In this context, although we clearly need subsets of grimly practical casting targets, there is no need to be emotionally dry with more abstract over-riding aims. Instruction isn’t just about a perfect PULD (Pick Up and Lay Down) or tail free loop, a quintuple toe hauled Jelly Roll or a cast out to the backing knot, it’s also a little bit about making people feel happy.

As a goal, I have to admit that this is very easy to say, not as easy as I ever first imagined to achieve and very difficult to objectively measure. But, sometimes, just sometimes, when you have had to do your very best sorcery to make it all happen, when those casts pop out from the turmoil like my Grandfathers perfect little trout from the ripple in the run, when you are dancing in a monastery garden with a beautiful laughing woman or being hugged by a big beardy biker on a wet suburban rugby pitch when the lessons end, then, you feel happy…and I like that…my Grandfather would have liked it too I think.

Mark Surtees ☺

laura-palmer

Fly Casting with Laura Palmer

laura-palmer

~ Ein Laura Palmer film~ presumably named after everyone’s favourite girl-in-a-bag -at least that’s my guess- well, caught my attention. whether it has to do with an inexplicable interest in like-minded producers what give weird titles to their stuff combined with a good dose of fly casting… i’m happily digressing just to get to this: here’s a really nice, short and sweet video of Wolfgang Heusserer demonstrating an equally nice variety of single-hand spey casts.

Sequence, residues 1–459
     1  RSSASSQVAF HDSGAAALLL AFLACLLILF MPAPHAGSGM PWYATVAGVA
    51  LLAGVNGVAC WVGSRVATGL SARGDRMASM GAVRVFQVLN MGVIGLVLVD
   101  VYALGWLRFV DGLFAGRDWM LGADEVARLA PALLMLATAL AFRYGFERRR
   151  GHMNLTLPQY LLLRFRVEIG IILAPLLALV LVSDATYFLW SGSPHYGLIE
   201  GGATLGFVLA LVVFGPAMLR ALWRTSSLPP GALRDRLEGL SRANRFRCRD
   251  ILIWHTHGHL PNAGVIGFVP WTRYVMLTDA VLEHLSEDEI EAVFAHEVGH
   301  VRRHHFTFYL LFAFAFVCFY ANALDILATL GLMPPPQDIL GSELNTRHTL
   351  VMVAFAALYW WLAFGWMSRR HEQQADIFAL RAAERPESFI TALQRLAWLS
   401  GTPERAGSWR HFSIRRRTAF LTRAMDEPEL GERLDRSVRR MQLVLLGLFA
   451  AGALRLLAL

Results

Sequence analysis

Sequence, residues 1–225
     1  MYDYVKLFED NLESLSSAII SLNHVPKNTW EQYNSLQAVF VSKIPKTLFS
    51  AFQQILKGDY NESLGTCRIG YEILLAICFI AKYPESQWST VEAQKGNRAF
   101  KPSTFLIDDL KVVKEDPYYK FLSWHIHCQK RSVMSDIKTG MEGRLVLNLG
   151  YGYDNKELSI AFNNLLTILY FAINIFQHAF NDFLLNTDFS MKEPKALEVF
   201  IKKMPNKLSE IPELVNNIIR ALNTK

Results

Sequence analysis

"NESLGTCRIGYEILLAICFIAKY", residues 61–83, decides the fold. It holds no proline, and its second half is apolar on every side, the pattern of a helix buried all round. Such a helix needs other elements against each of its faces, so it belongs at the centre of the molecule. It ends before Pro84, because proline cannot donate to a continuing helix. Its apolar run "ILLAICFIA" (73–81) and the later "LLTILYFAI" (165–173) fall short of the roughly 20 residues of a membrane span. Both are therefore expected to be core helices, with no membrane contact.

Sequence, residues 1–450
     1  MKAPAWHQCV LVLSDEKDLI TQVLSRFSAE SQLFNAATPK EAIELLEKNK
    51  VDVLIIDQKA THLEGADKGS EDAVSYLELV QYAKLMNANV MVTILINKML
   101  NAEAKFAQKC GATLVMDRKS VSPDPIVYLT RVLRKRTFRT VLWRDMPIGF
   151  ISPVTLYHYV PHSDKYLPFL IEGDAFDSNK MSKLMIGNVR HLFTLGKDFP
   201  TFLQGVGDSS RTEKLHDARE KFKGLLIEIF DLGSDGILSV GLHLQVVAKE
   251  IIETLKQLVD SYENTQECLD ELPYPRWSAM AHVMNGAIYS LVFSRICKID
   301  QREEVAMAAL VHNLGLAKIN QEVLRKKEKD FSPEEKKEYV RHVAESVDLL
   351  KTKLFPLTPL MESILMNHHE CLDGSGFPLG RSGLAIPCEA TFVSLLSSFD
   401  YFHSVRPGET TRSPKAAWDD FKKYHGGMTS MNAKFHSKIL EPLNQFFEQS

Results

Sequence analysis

Circle-C, Snap-T, Jump Roll/Switch cast, standard roll cast, wiggles and probably fourteen others i missed because i was too busy watching the line being first manipulated, then flying about. all the great presentation skills a river fisher should imo, have down pat.

not a how-to tutorial, this one’s just eye candy. more than the line dancing itself, we’ll notice how effortlessly every action is done. it looks easy and that easy is a sign of someone who’s worked a lot on their skill. i hope you’ll enjoy.

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the Light Saber at StinkyStream

lightsaber-stinky-stream-glasgow-campbell-m-fauvettlc-3-9-16

tech specs:
Light Saber- Epic 580 + Barrio GT125
StinkyStream- a small urban trout stream somewhere around Glasgow. it didn’t stink.
photo- Campbell Stuart
caster/fisher- me

A Revolution in Fly Fishing Films

found on Fly Lords facebook page, here’s a more than welcome change from the usual, virtually always the same, and getting boring as hell trend in fly fishing videos.
there’s no droning higher ground morals or self-validating or ethics speech. no fancy, costing an arm and both legs travel to what once used to be an exotic location nor brand names being hashtagged down our throats.
just a simple, normal T Rex catching a catfish with a fly rod: nice, nice and nice…   enjoy !😄